the Stuarts championed the theory of state-necessity and the practice of
a prerogative free to act outside and above the law in order to meet the
demands of state-necessity, and when Parliament defended the rule of law
and sought to include the Crown under that law. The same antagonism now
appears externally in a struggle between two nations, one of which
claims a prerogative to act outside and above the public law of Europe
in order to secure the 'safety' of its own state, while the other stands
for the rule of public law. The one regards international covenants to
which it has pledged its own word as 'scraps of paper' when they stand
in the way of _salus populi_; the other regards the maintenance of such
covenants as a grave and inevitable obligation.
Taught by Treitschke, whom they regard as their great national
historian, and whose lectures on _Politik_ have become a gospel, the
Germans of to-day assume as an ultimate end and a final standard what
they regard as the national German state. 'The state', says
Treitschke, 'is the highest thing in the external society of man: above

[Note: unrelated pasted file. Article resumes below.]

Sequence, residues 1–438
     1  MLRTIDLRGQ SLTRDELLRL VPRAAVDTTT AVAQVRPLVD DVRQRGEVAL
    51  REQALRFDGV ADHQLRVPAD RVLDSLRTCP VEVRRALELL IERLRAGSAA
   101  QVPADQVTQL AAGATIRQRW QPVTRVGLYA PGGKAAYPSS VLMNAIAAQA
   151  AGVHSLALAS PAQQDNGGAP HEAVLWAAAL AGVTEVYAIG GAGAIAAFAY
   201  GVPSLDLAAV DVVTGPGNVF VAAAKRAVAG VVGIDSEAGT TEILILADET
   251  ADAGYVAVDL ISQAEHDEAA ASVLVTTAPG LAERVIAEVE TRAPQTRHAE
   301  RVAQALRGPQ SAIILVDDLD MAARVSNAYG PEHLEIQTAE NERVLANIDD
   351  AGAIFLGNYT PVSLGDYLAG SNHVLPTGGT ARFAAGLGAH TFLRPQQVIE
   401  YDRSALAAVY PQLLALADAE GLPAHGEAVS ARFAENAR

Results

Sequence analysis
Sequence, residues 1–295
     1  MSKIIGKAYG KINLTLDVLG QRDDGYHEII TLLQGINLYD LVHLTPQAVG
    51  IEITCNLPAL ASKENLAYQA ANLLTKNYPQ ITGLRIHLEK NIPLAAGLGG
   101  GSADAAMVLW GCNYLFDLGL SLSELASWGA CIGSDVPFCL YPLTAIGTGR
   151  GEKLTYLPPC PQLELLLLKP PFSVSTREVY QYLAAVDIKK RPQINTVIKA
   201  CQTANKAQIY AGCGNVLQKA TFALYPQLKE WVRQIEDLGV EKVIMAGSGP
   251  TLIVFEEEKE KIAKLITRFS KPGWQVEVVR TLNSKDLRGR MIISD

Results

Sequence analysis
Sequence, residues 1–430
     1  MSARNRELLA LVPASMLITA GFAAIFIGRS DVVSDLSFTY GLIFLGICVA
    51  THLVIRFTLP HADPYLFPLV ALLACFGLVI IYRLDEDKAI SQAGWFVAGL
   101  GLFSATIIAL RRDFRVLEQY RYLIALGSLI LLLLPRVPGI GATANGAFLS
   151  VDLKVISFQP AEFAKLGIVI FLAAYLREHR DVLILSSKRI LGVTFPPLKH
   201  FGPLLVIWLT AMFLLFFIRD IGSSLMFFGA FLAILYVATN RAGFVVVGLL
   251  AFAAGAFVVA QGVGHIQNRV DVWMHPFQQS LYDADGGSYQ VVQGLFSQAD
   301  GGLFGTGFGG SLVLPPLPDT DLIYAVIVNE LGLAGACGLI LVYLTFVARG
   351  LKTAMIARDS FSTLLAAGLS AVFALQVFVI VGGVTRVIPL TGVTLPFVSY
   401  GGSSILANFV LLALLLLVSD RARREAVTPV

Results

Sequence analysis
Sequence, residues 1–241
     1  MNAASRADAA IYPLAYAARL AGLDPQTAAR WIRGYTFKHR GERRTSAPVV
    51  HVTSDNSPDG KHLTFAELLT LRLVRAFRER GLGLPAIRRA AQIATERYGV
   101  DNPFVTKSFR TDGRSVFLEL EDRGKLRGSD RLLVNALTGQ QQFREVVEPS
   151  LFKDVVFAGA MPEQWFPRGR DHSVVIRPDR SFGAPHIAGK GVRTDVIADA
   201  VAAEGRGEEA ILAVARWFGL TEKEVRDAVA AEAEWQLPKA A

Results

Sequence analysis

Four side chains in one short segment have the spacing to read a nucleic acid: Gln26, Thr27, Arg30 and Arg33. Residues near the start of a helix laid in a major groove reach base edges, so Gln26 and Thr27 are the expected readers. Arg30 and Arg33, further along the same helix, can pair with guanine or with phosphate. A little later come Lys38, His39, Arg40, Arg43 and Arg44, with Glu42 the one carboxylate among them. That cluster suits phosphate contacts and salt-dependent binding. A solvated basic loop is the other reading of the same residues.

it there is nothing at all in the history of the world.' There is here
no room for comity of nations; for a _societas totius humani generis_;
for international law in any true sense. What really exists is the
exclusive state--_der geschlossene Staat_--and in another sense than
that of Fichte. This state is rigorously national: it excludes all
foreign words from its vocabulary, and it would fain exclude all foreign
articles from its shores in order to found a real 'national' economy
such as List preached. Further, in the teaching of Treitschke this
exclusive state is, 'as Machiavelli first clearly saw', essentially
power: _der Staat ist Macht_. It may be defined as 'the public might for
defence and offence'. As the highest duty of the individual is
self-perfection, the highest duty of the state is self-preservation; and
self-preservation means power. 'To care for its power is the highest